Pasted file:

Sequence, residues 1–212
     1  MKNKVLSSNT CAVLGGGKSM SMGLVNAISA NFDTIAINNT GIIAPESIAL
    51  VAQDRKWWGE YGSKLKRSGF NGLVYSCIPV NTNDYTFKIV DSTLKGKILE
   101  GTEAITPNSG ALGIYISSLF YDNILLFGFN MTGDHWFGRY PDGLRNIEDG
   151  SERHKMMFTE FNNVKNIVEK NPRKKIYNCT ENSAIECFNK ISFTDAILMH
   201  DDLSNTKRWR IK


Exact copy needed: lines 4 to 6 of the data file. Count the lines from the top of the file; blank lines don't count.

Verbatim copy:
   101  GTEAITPNSG ALGIYISSLF YDNILLFGFN MTGDHWFGRY PDGLRNIEDG
   151  SERHKMMFTE FNNVKNIVEK NPRKKIYNCT ENSAIECFNK ISFTDAILMH
   201  DDLSNTKRWR IK